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Not Fit For Drinking

Not Fit For Drinking

June 14, 1888

Newark Evening News

Not Fit For Drinking
New Water Supply Agitation

The Rev. Horace F. Barnes Vigorously Denounces the Impurity of the Passaic--
Suggestions Made by the Signers of the Petitions


Suggestions Made by the Signers of the Petitions


When the meeting of the Board of Trade was called to order last night by President Bassett a long petition for a supply of pure water lay on the reporters' table. Is (sic) was headed as follows: "To the Board of Trade of Newark.

"Gentlemen--The undersigned are in favor of a new water supply of pure water for Newark, and hope that some feasible plan for obtaining it may be speedily ascertained and made available at the earliest possible moment as any honest expenditure of money that may be necessary."


William A. Righter, one of the signers, also favored a serviceable filtration of the present system. Harrison Van Duyne was in favor of obtaining legislative authority and "when the work is commenced to have the tax levy increased .50, making the rate about $2.50, and using the $500,000 thus raised to pay for the work as it progresses. A city that can pay each ear $500,000, or thereabouts, in interest on its debts can much better afford to raise its money and pay as it goes, and so be clear of debt."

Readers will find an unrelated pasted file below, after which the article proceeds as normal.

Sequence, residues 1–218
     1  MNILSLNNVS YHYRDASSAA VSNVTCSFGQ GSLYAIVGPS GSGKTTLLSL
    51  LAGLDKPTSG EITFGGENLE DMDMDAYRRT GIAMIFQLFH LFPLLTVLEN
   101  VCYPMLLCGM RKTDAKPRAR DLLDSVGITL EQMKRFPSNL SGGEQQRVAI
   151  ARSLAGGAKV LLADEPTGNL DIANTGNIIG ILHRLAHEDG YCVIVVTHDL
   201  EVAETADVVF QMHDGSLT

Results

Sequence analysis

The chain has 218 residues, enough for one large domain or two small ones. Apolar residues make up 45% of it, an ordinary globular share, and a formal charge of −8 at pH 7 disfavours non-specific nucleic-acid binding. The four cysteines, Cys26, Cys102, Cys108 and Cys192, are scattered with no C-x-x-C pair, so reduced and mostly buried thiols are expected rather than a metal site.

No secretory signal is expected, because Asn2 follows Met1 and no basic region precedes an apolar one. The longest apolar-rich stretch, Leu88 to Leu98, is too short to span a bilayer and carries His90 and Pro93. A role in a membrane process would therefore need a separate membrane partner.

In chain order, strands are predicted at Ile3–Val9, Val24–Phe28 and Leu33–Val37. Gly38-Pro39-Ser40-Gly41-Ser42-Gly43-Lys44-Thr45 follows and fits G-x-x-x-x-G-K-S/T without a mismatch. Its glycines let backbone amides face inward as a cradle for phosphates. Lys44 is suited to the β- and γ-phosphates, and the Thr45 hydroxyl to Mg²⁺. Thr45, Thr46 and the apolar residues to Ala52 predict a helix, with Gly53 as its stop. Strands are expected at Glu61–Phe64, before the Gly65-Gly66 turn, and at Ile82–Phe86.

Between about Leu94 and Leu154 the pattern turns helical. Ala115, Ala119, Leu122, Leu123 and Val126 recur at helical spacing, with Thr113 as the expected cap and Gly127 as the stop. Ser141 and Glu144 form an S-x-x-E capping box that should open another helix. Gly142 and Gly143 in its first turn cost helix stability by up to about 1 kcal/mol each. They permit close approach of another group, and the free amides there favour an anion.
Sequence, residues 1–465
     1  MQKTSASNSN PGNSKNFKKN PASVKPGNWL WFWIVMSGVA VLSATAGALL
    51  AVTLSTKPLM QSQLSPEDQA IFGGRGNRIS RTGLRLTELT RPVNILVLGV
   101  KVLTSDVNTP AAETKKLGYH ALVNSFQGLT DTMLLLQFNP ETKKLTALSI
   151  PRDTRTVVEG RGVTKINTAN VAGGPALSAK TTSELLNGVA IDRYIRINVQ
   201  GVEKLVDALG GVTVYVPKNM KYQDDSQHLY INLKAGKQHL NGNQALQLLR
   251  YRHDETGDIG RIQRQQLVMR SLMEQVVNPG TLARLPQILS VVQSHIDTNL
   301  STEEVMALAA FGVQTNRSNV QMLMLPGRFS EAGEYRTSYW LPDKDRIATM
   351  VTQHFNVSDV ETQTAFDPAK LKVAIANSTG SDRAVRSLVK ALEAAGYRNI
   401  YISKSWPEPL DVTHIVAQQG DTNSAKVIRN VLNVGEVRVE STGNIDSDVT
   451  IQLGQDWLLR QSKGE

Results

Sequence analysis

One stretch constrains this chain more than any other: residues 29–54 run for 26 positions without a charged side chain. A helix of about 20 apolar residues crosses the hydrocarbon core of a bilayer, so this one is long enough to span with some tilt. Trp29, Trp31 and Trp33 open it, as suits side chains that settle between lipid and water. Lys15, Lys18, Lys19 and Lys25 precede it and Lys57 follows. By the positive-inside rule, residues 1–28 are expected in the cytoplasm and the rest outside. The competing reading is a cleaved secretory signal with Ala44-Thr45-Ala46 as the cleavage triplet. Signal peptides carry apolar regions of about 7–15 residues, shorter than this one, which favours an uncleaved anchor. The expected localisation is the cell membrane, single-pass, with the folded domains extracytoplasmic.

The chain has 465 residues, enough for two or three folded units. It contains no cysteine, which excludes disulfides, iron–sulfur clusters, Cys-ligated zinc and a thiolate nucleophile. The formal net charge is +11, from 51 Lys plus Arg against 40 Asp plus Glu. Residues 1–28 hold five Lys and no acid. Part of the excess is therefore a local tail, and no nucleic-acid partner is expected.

The list of names attached to the petition occupied four or five yards of paper and a number offered suggestions.


Rev. H. F. Barnes, of the Fairmount Baptist Church, who was introduced by the president, spoke for over an hour on the water supply.


Rev H. F. Barnes Address


"No one," he said, "will dispute the propriety of a Baptist minister's discussing the water supply. Nothing can be done until the public sees the necessity of pure water and rises up and demands it. The lower portion of the Passaic receives the pollution of 250,000 people and 375 tons of excretia per day. The pollution from factories and other sources is beyond calculation. I went up to Paterson to see how they befouled the supply. If people knew to what extent this was done, there would be a public indignation meeting within forty-eight hours. Beside those sources of pollution there is a large cemetery in Paterson and one in Newark. Who that reveres his ancestors wants them carried off to drink them down a daily beverage? The very skimmings of our river are enough to run a bone phosphate factory. Truly this is not water. It is a poisonous drug, and reminds me of the words of the old witches in 'Macbeth.'"